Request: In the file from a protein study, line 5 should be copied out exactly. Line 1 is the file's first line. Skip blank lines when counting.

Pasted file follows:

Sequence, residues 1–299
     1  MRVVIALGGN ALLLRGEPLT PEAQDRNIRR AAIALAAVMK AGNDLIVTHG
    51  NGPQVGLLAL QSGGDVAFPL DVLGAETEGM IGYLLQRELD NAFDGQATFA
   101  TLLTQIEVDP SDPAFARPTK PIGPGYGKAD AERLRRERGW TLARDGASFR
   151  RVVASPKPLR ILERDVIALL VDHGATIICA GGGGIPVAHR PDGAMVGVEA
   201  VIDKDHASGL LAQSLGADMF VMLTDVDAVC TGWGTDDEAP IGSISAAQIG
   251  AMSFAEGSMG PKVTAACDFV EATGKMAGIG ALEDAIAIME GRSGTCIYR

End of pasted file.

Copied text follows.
   151  RVVASPKPLR ILERDVIALL VDHGATIICA GGGGIPVAHR PDGAMVGVEA